Friday, November 5, 2010

Re-Examine Your Historical Documents

Currently I'm participating in NaNoWriMo, writing the first draft of a novel about one of our ancestors, Berthena Taylor Roark.  Actually, I'm using this process to get myself geared up to write out an account of ALL the information we've gathered about the family, since I've been having trouble starting to write anything at all.  I imagine I'm not alone in wondering how in the world I'm going to be able to make any written sense of all the documents and information I've gathered.  So, while I'm not very far along with my word count (all participants are trying to write 1667 words per day, to total 50,000 words for November), I'm definitely farther along in writing out some of my research.

Now you might ask if I actually have enough information on this person who lived from 1828 - 1882 to write a 50,000 page novel, and I would have to answer with a definite no.  So, what I'm really writing is historical fiction.  I'm trying to imagine just what her life might have been like, being born and raised in Kentucky, moving away from all her family, with her new husband, to Kansas, having (at least) seven children, moving again into Missouri, and dying a long way from her original home.  I'm reading up on as much 19th century history as I can get my hands on (which is really limited when you're outside the USA), and re-reading all the documents I already possess.

And last night, I made some surprising discoveries in documents I thought I'd read well.  I had a date for her marriage to Saul Roark in January 1850 (I obtained this from an online family tree), but I had two census records for the same year, and the two young people were still living in their parents home, and both marked as single.  I'd also missed seeing that Jeff Campbell was reported living in their household in the 1865 Kansas State Census.  This made me wonder if he was related to Fannie Campbell who reportedly killed Berthena.

I also spent more than an hour looking for alternative sources of the 1880 US Federal Census (no, I don't have a membership to, and yes, I do know it would be most helpful in cases such as this), only to find than my online friend had already found Berthena in the 1880 census, listed as "Bink".  It appears to be the right person, the dates match other records for her birth year, and the children listed under her name are also in previous census records, although in this record, she has moved to a neighboring county, and now she has been marked as widowed [she was also marked as married, so I'm not exactly sure what that means].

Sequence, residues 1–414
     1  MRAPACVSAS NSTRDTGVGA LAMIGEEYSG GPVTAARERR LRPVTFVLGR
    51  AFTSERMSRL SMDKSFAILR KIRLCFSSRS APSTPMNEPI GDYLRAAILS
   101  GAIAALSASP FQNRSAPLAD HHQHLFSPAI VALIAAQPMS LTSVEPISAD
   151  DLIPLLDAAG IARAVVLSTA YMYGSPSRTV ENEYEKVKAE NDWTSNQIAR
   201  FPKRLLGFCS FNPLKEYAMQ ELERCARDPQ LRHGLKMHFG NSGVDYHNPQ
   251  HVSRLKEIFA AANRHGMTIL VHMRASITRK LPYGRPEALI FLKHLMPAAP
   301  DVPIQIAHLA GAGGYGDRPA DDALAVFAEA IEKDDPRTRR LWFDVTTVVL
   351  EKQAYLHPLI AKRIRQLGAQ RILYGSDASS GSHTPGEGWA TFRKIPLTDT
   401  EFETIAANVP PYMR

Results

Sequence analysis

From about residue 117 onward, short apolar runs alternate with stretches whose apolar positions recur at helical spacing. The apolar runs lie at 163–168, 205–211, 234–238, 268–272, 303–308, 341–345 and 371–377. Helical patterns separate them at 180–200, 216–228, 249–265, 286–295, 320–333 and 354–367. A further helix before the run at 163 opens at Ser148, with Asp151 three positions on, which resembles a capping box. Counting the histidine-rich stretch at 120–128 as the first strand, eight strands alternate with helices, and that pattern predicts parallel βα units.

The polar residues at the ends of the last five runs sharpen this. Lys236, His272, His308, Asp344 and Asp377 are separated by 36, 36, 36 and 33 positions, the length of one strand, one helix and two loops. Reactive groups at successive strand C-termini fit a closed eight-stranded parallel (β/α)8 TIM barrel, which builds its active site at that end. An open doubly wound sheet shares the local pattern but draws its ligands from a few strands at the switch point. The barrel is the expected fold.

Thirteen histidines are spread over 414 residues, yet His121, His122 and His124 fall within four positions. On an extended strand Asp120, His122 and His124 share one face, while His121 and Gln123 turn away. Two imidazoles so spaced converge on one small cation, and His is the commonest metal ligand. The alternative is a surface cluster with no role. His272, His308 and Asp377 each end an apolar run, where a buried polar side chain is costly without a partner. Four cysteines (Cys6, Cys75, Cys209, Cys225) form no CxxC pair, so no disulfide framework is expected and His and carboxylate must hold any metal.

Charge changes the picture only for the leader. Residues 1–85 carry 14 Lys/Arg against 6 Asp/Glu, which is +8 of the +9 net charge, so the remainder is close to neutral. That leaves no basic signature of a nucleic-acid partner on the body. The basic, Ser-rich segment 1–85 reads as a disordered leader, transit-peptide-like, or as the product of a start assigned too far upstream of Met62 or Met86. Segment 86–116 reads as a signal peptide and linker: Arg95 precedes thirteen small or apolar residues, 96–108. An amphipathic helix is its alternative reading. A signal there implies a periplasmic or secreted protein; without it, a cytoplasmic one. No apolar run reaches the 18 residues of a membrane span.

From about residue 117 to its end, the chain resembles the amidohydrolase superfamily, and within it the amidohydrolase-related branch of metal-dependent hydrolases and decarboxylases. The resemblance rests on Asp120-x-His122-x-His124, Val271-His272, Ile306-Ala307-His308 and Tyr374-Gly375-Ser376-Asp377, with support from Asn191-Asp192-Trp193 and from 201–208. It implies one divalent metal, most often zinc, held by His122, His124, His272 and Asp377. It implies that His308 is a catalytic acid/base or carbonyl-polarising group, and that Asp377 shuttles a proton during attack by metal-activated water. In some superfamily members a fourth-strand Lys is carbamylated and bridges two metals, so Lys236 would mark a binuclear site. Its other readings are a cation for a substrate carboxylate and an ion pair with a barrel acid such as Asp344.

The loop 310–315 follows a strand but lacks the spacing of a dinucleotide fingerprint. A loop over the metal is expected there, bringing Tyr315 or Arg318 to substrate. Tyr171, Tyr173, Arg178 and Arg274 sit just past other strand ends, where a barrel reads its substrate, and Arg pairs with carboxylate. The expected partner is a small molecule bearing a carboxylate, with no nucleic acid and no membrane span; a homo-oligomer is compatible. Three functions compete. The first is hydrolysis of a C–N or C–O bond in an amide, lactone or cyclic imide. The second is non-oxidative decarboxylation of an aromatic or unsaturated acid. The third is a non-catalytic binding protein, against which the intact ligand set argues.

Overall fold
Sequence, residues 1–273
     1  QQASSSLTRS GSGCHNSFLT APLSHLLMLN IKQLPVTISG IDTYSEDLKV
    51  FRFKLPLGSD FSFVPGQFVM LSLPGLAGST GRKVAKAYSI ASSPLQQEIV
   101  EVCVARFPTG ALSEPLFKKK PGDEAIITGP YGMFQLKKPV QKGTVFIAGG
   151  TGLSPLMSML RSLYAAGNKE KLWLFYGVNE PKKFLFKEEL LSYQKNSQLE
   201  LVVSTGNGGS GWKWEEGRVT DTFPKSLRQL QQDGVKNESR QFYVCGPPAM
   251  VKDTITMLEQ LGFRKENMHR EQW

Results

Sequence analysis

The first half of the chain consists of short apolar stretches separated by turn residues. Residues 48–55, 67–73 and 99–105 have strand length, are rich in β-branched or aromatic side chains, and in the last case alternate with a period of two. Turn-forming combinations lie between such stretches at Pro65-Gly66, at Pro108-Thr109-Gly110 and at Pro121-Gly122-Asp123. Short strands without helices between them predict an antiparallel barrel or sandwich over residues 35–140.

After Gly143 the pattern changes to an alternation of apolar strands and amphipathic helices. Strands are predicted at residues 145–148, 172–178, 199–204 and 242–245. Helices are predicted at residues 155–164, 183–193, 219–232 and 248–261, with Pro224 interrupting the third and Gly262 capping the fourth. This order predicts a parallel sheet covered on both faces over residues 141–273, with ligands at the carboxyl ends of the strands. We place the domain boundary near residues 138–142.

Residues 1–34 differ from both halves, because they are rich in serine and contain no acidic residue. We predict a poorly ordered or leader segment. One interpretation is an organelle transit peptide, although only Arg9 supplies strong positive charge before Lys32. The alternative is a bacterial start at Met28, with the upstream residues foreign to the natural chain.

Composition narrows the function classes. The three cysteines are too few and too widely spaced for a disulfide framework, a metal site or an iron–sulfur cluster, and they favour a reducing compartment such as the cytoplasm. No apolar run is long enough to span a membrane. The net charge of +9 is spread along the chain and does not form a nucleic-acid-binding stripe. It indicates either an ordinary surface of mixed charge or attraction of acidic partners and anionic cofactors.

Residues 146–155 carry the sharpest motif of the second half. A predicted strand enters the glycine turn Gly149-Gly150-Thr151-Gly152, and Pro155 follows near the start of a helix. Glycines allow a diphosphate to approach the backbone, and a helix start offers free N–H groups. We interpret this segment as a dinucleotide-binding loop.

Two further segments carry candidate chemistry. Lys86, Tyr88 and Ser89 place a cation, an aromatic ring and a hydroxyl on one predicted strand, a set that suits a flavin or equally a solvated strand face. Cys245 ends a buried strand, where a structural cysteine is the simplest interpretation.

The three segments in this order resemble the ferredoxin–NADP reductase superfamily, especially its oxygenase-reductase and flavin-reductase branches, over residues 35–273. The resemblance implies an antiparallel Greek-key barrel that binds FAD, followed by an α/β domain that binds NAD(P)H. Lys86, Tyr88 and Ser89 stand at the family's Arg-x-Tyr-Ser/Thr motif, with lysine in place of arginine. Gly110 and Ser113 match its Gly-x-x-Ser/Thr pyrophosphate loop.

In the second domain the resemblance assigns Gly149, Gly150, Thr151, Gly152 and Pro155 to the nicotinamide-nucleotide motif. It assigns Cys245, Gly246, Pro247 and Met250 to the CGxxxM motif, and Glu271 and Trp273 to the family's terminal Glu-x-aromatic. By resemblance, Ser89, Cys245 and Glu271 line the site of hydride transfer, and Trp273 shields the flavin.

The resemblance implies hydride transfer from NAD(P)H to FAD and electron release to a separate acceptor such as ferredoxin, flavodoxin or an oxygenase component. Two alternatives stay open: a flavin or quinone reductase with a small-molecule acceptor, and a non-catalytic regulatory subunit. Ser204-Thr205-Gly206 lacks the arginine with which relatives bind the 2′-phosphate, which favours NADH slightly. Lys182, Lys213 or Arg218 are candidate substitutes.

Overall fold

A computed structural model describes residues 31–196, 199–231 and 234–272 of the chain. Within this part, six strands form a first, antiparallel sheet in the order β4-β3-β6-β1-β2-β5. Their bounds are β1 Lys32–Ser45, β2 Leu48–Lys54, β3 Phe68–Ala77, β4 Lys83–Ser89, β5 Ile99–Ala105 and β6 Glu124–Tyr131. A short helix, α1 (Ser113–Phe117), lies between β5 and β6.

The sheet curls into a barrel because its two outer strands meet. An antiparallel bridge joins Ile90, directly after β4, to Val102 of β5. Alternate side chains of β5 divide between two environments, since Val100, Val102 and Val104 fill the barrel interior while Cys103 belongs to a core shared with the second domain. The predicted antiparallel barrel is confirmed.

It goes to show, sometimes I have more information that I really realize; it's just a matter of organizing it and reviewing it, an in my case, creating a timeline and transcribing all the details onto it.


  1. That's one of the reasons that I write historical fiction rather than history or biographies. First, I think the story must be entertaining if anyone is going to read it. Therefore, it will be a novel. But it's the mounds of research that one collects that makes it a necesity. How can one possibly put all that information (usually all of it interesting) in a single, entertaining story? Besides, there are probably several good stories in that collection of information about one person.

  2. I'm struggling right now with all that's involved in this process, so your comment was much appreciated! Thanks for stopping by.